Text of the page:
Quite why a man who can invent a time machine needs to worry about making money is beyond me. Surely, a man of his genius is capable of making a fortune from his inventions?

And we finish with a two-part Alan Moore tale called Business as Usual.

Spider-Mand and Hulk Weekly #386, Jack Frost

Spidey's up against a thing called Meteor Madness.

I'm guessing this is the one where he teams up with the new Giant-Man, AKA Black Goliath, to thwart the return of Meteor Man. I couldn't say that for certain, though.

I can say for certain that the Hulk's up against the might of Jack Frost.

To be honest, the cover blurb, "Hulk fights the ice statues," doesn't exactly set my pulse racing. I mean, they're made of ice. They have to be the weakest opponents he's ever come up against.

Feel more concern for the She-Hulk, however. She's up against a violent robot that people keep mistaking for her.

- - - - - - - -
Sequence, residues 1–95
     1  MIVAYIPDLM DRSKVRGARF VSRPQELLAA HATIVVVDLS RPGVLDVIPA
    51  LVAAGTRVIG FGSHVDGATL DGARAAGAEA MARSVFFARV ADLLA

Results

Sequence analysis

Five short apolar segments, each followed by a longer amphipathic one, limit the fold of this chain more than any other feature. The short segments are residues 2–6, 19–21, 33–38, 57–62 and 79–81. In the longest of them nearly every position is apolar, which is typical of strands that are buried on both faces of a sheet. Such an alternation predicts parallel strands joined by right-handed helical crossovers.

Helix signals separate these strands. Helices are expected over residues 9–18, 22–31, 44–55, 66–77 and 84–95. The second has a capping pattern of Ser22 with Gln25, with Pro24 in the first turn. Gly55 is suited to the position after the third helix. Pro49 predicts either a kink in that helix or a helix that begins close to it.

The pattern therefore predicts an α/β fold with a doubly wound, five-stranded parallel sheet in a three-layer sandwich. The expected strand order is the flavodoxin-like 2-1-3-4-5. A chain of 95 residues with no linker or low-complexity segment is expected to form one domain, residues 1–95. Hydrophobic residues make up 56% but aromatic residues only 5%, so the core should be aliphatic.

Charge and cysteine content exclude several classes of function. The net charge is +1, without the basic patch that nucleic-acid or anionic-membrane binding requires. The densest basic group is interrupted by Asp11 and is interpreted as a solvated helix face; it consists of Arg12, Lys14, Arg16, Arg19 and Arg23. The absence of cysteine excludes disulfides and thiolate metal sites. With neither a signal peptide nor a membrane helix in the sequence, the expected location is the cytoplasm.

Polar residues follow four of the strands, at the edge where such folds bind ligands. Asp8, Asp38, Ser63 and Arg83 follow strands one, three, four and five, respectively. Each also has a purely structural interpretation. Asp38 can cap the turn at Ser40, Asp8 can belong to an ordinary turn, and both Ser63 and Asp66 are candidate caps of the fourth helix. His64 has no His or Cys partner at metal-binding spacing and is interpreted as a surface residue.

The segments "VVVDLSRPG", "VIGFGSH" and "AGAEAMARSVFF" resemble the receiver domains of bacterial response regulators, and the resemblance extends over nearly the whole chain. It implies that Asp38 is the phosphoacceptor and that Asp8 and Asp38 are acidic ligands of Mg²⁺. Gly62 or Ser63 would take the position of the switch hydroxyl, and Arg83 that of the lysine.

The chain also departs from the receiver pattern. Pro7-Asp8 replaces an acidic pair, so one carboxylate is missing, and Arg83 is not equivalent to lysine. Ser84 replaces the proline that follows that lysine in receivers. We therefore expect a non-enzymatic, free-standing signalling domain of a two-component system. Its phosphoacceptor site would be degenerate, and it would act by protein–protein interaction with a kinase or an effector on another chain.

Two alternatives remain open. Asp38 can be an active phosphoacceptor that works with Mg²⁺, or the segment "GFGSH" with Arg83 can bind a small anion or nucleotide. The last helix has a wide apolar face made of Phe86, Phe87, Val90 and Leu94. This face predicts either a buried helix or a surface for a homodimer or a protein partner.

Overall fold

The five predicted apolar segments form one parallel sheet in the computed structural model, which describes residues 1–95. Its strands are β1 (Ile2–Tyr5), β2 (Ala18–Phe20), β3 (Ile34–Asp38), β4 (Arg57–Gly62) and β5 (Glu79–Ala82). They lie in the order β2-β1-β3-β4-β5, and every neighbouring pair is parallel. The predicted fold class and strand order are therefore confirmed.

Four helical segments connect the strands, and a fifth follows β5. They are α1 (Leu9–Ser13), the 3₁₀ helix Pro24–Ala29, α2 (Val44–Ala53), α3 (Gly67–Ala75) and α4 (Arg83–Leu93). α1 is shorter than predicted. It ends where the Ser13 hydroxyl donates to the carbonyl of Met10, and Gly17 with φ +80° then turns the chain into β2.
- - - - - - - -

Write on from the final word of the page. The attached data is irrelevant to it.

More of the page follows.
Spider-Woman, meanwhile, is now in America and on the trail of Brother Grimm.

And, in The Defenders, Bruce Banner has to perform an emergency medical procedure on Subby, Nighthawk and Hellcat.

I think this may be the one in which that Russian bloke turns himself and the Red Guardian into god-like beings.

Forces in Combat #12

Nick Fury's trying to do a rescue mission in France - but is hindered by a medic who's determined to retrieve his dropped medical kit, no matter the risk.

That is all I know of this issue's contents but it would seem we also get the start of a colour strip called I Was Adolf's Double.

Of that strip, I know nothing.

Empire Strike Back Weekly #127

And I know almost as nothing about this week's Empire Strikes Back Weekly.

Obviously, I know the adaptation of the movie continues at its own leisurely pace but the events of the back-up strips are unknown to me.

I would assume Gullivar Jones is still on Mars and the Watcher's still telling us tales designed to keep our minds ethical and our actions responsible.